Have you ever mistakenly identified a Wolf Spider as a Brown Recluse? We’re guessing that a Wolf Spider gets mistaken for a Brown Recluse 99 percent of the time. Brown Recluse vs Wolf Spider is the talk you need to pay attention to.
However, there are times when seeking a brown spider in your home might make you feel uneasy. A small bite from the brown recluse spider, which resides in this area, can prove fatal. So how to differentiate between brown recluse vs wolf spider is one the most common question amongst people?
On the other hand, Brown recluses are highly unusual to come across. But are you unsure which species of spider you’ve discovered in your home? You don’t have to be perplexed if you answer yes since this guide will clear up all of your doubts.
We’ll explain the distinctions between a Wolf Spider and a Brown Recluse in this article since there are a few critical characteristics between the two that can help you distinguish between them two. We believe that a Wolf spider is mistaken for a Brown Recluse spider 99 per cent of the time. This is because these Brown Recluses are not native to this location. Still, they have been introduced (through transportation) to our area due to regular migration from the outside.
So, read the article to the conclusion to thoroughly understand the Wolf Spider vs Brown Recluse debate. The Wolf Spider vs the Poisonous Brown Recluse – One is frequent in Florida’s Panhandle (Wolf Spider, which is larger and scarier). At the same time, the other is only sighted on rare occasions (Brown Recluse, very Poisonous). So, how can you identify the difference between them without getting bitten?
Brown Recluse (Loxosceles reclusa)
These brown recluse spiders are mostly found in the southeastern United States, extending from Texas through Georgia, Tennessee, and as far north as Kentucky. They have a distinct feature that distinguishes them from regular wolf spiders. They are light brown, but the distinctive pattern on the neck – a violin – is the most recognisable feature of a brown recluse. This marking makes it indistinguishable from a wolf spider, and it’s also known as the “fiddle-back” spider.
Brown recluse spiders love to live in dark places, such as within boxes, making them easy to transfer from one site to another, such as carrying boxes from a shed into a house or relocating office supplies to a different location. Their bite is poisonous and has the potential to inflict tissue damage. You mustn’t bother one. Instead, call AAA Termite and Insect Control to remove the pest carefully.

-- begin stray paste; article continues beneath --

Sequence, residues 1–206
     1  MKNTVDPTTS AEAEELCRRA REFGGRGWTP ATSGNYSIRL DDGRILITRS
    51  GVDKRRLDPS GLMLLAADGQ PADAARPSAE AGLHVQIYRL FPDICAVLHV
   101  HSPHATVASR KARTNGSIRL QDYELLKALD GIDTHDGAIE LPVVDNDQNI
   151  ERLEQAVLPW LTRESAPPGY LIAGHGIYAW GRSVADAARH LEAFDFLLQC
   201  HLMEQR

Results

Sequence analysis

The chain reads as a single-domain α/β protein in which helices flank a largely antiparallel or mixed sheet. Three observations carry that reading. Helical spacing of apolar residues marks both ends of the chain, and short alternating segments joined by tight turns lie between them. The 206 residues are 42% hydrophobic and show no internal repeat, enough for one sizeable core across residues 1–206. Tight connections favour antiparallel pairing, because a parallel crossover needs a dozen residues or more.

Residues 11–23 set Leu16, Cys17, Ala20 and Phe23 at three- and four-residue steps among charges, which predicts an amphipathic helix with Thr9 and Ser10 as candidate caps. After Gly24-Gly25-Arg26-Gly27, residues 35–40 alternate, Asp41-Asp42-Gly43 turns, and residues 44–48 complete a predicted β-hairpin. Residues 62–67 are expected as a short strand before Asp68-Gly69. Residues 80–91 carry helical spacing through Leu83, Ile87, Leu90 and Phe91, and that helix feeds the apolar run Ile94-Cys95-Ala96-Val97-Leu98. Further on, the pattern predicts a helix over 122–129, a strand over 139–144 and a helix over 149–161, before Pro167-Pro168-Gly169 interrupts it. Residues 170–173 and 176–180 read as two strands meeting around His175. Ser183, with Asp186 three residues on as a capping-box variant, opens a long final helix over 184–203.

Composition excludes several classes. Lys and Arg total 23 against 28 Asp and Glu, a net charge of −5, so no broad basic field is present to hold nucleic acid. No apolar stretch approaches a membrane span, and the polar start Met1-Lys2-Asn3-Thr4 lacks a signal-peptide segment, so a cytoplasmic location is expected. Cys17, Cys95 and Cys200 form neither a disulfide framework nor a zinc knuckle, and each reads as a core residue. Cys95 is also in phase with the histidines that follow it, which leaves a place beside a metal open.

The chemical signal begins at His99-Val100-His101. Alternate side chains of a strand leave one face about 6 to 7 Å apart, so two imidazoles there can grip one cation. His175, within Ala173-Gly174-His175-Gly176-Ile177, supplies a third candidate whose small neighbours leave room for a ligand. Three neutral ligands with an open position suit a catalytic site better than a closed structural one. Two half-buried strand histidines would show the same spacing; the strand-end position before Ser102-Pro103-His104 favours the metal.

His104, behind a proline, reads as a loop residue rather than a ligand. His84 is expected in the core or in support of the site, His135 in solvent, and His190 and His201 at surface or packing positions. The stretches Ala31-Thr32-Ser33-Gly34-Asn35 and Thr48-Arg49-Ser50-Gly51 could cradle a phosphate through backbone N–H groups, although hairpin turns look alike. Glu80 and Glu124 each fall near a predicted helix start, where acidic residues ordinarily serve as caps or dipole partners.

Wolf Spider (Lycosidae)
Wolf spiders may be found throughout the United States. Wolf spiders are greyish brown in appearance, hairy, and fast-moving, with a bar pattern on their stomach. They are fast-moving, agile ground predators, thus the name “wolf.” They do not create webs. Their preferred habitats are burrows and caves under rocks. When you notice wolf spiders, they usually travel from one place to another.
Unlike the brown recluse spider, the wolf spider has no visible markings. They prefer to consume insects, houseflies, and cockroaches, which is another incentive to eliminate these pests. Wolf spiders prefer warmer climates, so they begin to go indoors as autumn approaches. They may be found in garages, basements, and even houseplants.
Wolf spider bites seldom harm humans. However, they can cause skin discomfort. Its bite can cause redness, muscular soreness, swelling, and pain in the lymph nodes. If your symptoms don’t go away, see your doctor.
The Lycosidae family includes wolf spiders. Lykos is Greek for “wolf,” and there are 124 genera in addition to 2888 species. Loxosceles is the Greek word for slanting legs, meaning the brown recluse spider belongs to that genus. There are about 11 species of Loxosceles spiders in the United States.
Body Type (Brown Recluse vs Wolf spider)
Counting the eyes of a brown recluse spider is one technique to identify it. It has six eyes, distinguishing it from the wolf spider and most other spiders. The majority of spiders have eight legs. The brown recluse’s eyes are similar in size and are positioned in pairs on its head. Looking at the eyes of a wolf spider can also be used to identify it. It has a couple of enormous eyes in the center of its face. In a row, there are four below it and two above it. The spider has excellent vision, thanks to these eyes. However, the brown recluse’s eyesight is probably not very perfect. The brown recluse spider’s lengthy legs are also held crabwise, but the wolf spider’s legs are splayed out like most other spiders. Wolf spiders exist in various sizes and color patterns, with over 3000 species. The hues are mainly earth tones, as the spider is a component of many more giant animals’ diets and has to blend in while it hunts for food. The brown recluse bears a violin-shaped mark on its cephalothorax and is light brown. It’s also known as the fiddleback or violin spider because of this. Brown recluse spiders are typically 0.24 to 0.79 inches long, whereas wolf spiders can be anywhere from 0.04 to 1.5 inches long.